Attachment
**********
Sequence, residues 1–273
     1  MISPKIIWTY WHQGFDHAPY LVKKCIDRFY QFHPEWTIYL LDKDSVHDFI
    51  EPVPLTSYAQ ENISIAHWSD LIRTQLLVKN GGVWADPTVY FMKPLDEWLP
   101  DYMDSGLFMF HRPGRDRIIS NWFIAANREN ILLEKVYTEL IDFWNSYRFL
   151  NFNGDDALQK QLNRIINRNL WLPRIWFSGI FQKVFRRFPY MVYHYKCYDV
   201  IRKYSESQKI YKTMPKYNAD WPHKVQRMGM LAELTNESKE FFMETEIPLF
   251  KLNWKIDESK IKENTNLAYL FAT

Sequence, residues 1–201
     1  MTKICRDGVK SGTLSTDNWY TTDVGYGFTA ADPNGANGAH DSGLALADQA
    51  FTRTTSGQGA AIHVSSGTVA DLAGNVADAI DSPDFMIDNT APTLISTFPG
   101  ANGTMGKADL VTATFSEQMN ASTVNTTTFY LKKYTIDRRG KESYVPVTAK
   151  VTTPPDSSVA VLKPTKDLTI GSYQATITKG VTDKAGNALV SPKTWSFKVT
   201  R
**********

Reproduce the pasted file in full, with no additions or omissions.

Sequence, residues 1–273
     1  MISPKIIWTY WHQGFDHAPY LVKKCIDRFY QFHPEWTIYL LDKDSVHDFI
    51  EPVPLTSYAQ ENISIAHWSD LIRTQLLVKN GGVWADPTVY FMKPLDEWLP
   101  DYMDSGLFMF HRPGRDRIIS NWFIAANREN ILLEKVYTEL IDFWNSYRFL
   151  NFNGDDALQK QLNRIINRNL WLPRIWFSGI FQKVFRRFPY MVYHYKCYDV
   201  IRKYSESQKI YKTMPKYNAD WPHKVQRMGM LAELTNESKE FFMETEIPLF
   251  KLNWKIDESK IKENTNLAYL FAT

Sequence, residues 1–201
     1  MTKICRDGVK SGTLSTDNWY TTDVGYGFTA ADPNGANGAH DSGLALADQA
    51  FTRTTSGQGA AIHVSSGTVA DLAGNVADAI DSPDFMIDNT APTLISTFPG
   101  ANGTMGKADL VTATFSEQMN ASTVNTTTFY LKKYTIDRRG KESYVPVTAK
   151  VTTPPDSSVA VLKPTKDLTI GSYQATITKG VTDKAGNALV SPKTWSFKVT
   201  R